ENI, a Canton, Miss.-based political-action committee formed in late March.
But that's about all we know so far.
The statement of organization, filed with the Jackson city clerk's office April 2, indicates the committee is not authorized by any particular candidate and its purpose is "to raise money in relation to the City of Jackson Mayoral Special Election."
The form lists Alance McKinney of Jackson as ENI's president/director and Fletcher Shaw of Canton as secretary/treasurer. State records also show a south Jackson address for two dissolved companies. Reached by phone, Shaw said the PAC was set up to back a candidate in the mayor's race, but referred a Jackson Free Press reporter to attorney John P. Martin, who prepared ENI's paperwork, for particulars.
"It's a political-action committee set up and established based upon the guidelines the election commission set up — no less or no more," Shaw told JFP.
Martin, of the Canton firm of Montgomery McGraw PLLC, called the JFP back Thursday to say that his firm's role in the PAC is only to serve as its agent.
Employees of Montgomery McGraw, including partner Bob Montgomery, a former Mississippi state senator and chief of staff to former Democratic U.S. Rep. G.V. "Sonny" Montgomery, have contributed to several political candidate campaigns over the years.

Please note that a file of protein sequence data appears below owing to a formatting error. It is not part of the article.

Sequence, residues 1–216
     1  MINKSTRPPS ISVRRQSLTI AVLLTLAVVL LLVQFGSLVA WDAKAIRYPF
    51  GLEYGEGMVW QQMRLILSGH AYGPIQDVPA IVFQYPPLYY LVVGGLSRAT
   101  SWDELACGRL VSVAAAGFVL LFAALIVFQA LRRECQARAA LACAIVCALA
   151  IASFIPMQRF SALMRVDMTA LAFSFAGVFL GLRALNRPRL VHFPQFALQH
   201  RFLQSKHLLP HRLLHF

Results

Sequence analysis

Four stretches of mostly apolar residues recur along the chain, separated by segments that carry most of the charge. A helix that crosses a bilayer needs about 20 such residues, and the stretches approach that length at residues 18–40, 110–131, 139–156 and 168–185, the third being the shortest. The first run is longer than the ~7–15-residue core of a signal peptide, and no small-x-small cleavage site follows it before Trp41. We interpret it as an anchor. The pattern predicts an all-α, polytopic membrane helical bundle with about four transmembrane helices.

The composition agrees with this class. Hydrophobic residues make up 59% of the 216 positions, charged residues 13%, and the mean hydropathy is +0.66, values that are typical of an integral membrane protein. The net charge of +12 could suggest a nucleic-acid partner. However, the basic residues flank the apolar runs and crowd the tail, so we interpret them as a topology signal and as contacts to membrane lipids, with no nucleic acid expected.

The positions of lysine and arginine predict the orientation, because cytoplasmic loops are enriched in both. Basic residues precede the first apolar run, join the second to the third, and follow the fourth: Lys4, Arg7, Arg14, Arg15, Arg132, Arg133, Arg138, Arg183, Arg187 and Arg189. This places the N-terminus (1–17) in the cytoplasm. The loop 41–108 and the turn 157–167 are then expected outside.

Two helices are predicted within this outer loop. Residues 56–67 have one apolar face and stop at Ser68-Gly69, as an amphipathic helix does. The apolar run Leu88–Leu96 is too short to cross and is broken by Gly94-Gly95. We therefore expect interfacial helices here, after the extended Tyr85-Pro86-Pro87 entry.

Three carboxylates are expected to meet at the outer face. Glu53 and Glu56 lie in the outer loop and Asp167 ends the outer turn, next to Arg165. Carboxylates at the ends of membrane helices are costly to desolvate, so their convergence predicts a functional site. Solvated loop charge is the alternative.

Most recently, Bob Montgomery gave to Republicans Gov. Phil Bryant, transportation Commissioner Dick Hall and Lucien Smith, a 2011 state treasurer candidate who now serves as Bryant's chief-of-staff. In past elections, Montgomery also gave to Republicans former Gov. Haley Barbour, Lt. Gov. Amy Tuck and Tate Reeves when he was state treasurer.
In addition, Montgomery has contributed to former Democratic Insurance Commissioner George Dale as well as several state supreme court candidates, races that are officially nonpartisan.
Fletcher Shaw said the ENI would be in compliance with state financial disclosure rules; runoff candidates—Chokwe A. Lumumba and Tony Yarber—will be required to file reports on Tuesday, April 15.
Verbatim release from the city of Jackson: